Graceful, long-legged cranes are said, according to myth, to live for a thousand years, which is why they are a magical sign of longevity in Japan. This elegant bird can be seen everywhere, from decorations on bridal kimonos and sake bottles to airline logos and, of course, in the form of the classic origami crane
Cranes, which belong to the Gruidae family, are the largest of all flying birds. And they’ve long symbolised good fortune, fidelity, grace, longevity and immortality. Throughout history and in most cultures, mythological tales exist about cranes, which are depicted as majestic birds with charisma that are known for their spectacular courtship rituals. In Christian stories and art, cranes are considered vigilant, symbols of foresight and a natural enemy of the Devil. In Hindu mythology, the crane represents the Goddess of deceit, while folklore tales abound about the saras bird (Indian crane) being the ultimate symbol of deception.
The crane has always been a strong symbol of success and good fortune in Japanese culture, and when folded in origami it is believed that your heart’s desire will come true. One young girl’s story provided new depth to this idea.
The crane has always been a strong symbol of success and good fortune in Japanese culture, and when folded in origami it is believed that your heart’s desire will come true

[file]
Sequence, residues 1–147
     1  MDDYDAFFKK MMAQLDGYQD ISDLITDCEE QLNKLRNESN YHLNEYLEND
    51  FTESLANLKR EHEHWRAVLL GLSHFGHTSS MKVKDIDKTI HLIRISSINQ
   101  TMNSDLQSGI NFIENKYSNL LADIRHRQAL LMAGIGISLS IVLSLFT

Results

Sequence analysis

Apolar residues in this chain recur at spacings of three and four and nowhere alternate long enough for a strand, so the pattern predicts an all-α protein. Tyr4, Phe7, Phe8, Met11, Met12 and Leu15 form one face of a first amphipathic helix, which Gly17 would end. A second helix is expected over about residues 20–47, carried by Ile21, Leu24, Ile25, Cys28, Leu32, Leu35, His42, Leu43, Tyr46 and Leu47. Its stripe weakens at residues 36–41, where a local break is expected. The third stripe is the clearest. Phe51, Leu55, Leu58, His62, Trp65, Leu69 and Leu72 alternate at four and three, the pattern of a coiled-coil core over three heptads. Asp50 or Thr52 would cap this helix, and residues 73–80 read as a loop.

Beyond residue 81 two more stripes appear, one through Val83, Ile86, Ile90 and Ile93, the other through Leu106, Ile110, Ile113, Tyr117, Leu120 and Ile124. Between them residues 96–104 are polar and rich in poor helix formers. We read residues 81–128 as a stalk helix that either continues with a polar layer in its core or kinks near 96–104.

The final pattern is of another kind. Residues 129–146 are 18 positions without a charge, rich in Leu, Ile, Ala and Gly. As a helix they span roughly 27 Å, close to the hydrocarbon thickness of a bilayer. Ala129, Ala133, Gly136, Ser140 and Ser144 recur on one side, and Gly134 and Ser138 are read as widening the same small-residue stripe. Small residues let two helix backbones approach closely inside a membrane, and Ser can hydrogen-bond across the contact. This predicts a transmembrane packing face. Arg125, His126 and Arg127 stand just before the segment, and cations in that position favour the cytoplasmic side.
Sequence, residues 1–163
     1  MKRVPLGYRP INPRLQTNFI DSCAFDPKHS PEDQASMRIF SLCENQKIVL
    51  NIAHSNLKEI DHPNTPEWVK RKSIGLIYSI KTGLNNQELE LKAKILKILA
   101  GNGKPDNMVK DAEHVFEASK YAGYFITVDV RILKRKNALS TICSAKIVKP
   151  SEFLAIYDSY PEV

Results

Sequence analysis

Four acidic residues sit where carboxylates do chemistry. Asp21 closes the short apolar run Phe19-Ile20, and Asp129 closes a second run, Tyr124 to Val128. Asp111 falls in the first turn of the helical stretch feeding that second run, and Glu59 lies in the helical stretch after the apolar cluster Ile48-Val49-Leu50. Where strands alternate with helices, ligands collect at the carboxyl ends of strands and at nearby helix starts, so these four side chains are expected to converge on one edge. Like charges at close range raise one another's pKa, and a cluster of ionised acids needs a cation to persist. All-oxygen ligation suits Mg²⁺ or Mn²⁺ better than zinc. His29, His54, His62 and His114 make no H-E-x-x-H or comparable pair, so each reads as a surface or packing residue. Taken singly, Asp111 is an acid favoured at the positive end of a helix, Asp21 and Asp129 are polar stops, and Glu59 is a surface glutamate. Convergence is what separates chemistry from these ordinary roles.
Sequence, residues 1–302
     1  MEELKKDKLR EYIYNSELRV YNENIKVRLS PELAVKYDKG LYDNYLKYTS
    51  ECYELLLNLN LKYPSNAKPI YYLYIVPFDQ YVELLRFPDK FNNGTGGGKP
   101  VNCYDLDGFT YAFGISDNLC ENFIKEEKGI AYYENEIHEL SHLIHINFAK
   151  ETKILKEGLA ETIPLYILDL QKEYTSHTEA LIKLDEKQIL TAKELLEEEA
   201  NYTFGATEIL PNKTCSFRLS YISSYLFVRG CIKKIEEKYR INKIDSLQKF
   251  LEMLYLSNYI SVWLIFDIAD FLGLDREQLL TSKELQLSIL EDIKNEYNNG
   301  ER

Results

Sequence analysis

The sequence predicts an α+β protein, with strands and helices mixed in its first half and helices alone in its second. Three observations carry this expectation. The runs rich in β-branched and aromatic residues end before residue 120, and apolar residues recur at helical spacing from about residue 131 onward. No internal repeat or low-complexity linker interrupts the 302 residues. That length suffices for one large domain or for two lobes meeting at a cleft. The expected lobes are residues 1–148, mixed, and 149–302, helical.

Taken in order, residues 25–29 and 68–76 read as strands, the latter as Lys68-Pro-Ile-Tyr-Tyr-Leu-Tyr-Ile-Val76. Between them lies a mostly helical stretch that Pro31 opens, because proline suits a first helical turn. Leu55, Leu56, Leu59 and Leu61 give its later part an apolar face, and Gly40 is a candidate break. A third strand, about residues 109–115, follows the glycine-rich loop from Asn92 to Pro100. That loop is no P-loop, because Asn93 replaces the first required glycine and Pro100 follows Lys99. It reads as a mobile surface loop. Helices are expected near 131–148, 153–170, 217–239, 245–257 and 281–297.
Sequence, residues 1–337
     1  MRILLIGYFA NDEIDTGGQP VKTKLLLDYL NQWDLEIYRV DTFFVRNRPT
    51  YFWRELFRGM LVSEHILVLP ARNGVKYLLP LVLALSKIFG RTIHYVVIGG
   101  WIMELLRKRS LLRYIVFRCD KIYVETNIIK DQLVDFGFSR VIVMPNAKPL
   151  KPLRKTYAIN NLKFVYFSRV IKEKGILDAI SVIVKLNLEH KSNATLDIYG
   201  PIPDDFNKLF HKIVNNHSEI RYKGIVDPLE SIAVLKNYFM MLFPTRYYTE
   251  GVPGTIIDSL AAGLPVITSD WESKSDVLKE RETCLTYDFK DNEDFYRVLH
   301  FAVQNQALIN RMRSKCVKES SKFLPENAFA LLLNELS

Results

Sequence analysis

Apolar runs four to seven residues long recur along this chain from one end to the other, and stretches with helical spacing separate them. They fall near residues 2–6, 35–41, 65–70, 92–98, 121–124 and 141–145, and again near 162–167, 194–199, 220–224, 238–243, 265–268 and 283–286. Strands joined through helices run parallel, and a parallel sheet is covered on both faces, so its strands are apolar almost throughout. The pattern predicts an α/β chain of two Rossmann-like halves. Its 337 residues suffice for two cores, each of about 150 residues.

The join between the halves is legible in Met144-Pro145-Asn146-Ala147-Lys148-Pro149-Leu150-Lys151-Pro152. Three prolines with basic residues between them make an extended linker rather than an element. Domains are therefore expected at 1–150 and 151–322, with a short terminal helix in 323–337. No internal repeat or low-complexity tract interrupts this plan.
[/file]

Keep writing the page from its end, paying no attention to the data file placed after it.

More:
Her name was Sadako Sasaki. As an infant, she was exposed to radiation after the bombing of Hiroshima, which had developed into leukaemia by the time she was twelve years old. With the goal of making 1,000 origami cranes, she began folding paper to form this majestic bird, in the hope that they would heal her. Her heart’s desire changed midway through, however, and her wish became to heal the world instead of herself. She continued folding the cranes for world peace and healing until she passed away. She was buried with a wreath of 1,000 paper cranes that her classmates helped her finish. She is forever memorialised at the Hiroshima Peace Park, where a statue of her stands always draped with 1,000 paper cranes to make sure her message of world peace will never be forgotten.
Classed as an endangered species, there only an estimated 2,750 cranes left in the wild, with around 100 of these calling Japan home. The Japanese crane inhabits the eastern regions of the northern island of Hokkaido. Due to humans destroying large swathes of their natural habitat in wetland areas that these beautiful birds need for their breeding and living, low rainfall and new dam construction is also causing the wetlands to dry out.
Sadako Sasaki heart’s desire became to heal the world instead of herself. She continued folding the cranes for world peace and healing until she passed away
These birds were thought to be on the brink of extinction until a small group of local farmers took it upon themselves to feed the birds regularly, in order to help them through the winter months when food is scarce. The farmers treated the birds as guests, seeing the birds’ visits to their farmlands as a great honour.
This has helped to bring them back from the brink, and these birds are now believed to be beginning to gain the upper hand yet again, with numbers starting to slowly stabilise and the help of local and worldwide organisations ensuring that this amazing bird will eventually be saved.